Mr. Nixon should veto the bill....I know that the desire to appease the rural parts of the state make this a tough political decision for Nixon's people, but there's really an simple idea to appeal to in order to defend a veto: respecting the will of the voters. The current legislature has been going nuts trying to roll back every voter approved initiative that clashes with their extreme views. But while people in rural areas might disagree with a Nixon decision to veto the bill, could they really have any serious argument against the simple idea of protecting a bill that state voters approved? Nixon should do the right thing and not throw St. Louis, puppies, and the majority of voters in the state under the bus for cynical political expediency.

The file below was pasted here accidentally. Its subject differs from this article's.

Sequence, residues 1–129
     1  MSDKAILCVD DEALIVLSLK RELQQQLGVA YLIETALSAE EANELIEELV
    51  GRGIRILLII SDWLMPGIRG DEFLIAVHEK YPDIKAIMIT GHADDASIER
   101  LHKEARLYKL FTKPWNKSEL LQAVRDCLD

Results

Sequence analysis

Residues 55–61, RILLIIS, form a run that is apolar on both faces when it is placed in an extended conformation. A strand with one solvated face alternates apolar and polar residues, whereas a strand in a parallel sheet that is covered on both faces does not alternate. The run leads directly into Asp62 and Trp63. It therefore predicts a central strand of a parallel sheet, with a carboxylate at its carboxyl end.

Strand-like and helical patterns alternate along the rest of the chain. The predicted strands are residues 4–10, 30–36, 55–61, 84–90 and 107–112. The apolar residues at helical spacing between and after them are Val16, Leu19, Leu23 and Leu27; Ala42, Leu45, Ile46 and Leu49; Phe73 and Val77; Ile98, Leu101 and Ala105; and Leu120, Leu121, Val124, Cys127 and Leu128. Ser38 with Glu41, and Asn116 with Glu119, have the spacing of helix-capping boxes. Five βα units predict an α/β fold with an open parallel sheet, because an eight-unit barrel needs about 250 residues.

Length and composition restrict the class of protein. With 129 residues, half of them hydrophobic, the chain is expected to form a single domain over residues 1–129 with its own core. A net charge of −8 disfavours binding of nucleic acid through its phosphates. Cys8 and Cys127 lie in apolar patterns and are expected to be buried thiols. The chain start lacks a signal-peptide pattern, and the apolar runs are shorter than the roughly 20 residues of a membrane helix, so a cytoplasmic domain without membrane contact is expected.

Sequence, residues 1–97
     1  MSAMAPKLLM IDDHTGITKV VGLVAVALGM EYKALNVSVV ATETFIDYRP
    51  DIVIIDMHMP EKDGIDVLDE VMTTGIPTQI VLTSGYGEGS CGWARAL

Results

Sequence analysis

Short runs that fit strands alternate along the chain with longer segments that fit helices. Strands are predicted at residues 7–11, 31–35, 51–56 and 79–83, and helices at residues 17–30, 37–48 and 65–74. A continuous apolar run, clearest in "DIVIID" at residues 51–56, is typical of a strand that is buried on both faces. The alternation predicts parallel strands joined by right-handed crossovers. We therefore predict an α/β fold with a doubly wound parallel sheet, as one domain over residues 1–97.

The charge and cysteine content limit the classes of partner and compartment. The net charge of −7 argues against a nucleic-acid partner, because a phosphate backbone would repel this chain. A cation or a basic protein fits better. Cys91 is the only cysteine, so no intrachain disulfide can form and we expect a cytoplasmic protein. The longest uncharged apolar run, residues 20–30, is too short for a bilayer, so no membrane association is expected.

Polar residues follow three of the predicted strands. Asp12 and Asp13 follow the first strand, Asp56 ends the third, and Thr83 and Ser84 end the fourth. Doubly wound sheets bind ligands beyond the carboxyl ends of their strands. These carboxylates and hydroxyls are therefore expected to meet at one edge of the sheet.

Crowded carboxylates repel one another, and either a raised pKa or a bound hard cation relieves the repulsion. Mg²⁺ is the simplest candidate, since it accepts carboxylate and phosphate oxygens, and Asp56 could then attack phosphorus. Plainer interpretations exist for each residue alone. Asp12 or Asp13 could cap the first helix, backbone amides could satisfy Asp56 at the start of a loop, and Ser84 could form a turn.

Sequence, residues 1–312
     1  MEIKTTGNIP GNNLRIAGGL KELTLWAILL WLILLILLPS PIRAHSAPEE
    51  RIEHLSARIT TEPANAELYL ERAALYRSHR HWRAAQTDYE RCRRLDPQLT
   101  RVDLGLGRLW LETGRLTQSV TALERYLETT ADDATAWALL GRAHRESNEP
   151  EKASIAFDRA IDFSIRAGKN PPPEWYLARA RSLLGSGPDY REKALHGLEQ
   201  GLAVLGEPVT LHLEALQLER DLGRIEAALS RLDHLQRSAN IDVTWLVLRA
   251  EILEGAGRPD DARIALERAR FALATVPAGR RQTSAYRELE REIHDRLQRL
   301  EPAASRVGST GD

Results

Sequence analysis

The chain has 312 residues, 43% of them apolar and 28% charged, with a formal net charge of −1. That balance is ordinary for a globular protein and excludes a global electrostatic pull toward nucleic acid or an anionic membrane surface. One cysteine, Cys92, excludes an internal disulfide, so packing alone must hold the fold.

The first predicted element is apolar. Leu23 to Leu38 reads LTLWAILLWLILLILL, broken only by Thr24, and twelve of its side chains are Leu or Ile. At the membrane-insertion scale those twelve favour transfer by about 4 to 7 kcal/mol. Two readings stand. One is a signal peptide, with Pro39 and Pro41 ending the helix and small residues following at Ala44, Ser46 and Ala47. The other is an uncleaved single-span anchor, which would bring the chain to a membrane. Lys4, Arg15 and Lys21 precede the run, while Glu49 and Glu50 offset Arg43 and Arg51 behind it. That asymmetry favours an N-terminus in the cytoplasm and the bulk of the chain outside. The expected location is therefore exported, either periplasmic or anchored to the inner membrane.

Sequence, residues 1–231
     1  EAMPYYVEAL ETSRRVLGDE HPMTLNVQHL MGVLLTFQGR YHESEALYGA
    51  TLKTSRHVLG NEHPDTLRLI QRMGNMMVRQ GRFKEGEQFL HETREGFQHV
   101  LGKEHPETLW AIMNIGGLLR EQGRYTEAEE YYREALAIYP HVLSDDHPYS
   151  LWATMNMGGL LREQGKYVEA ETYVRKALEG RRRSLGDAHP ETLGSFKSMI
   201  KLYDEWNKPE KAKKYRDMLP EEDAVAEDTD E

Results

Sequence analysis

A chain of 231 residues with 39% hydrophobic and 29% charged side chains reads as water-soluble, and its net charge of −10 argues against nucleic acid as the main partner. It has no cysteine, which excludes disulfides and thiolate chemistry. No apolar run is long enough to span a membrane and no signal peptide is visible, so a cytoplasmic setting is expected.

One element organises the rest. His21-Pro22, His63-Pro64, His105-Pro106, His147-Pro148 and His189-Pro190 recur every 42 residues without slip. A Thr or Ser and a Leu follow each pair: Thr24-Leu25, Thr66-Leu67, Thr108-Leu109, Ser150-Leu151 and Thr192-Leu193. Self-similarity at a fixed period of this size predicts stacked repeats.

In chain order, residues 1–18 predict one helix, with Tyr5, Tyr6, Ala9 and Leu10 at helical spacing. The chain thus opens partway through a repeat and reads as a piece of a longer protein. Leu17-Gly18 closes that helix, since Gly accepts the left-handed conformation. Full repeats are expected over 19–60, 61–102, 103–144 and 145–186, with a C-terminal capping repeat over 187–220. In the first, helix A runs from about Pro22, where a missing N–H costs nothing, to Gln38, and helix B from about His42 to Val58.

Missouri’s rural lawmakers — mostly Republicans — do a disservice to the value of elections when they override the will of the voters and send a message that voters’ opinions don’t matter. It undermines their credibility when they say, as Rep. Tom Loehner, R-Koeltztown, and others have, that city voters didn’t know what they were passing and that they don’t understand agriculture.
Indeed, city voters understood the issue well. They understood that every time a rogue puppy mill was shut down, their shelters in the cities and suburbs took in scores, if not hundreds, of malnourished, abused puppies left to die by scofflaws who flouted the law with a lack of human decency. They also understood that the measure had nothing to do with farm animals.
For more on this issue, please read Shelley's excellent response to the the Post-Dispatch editorial. Also, you can contact Nixon's campaign about this here.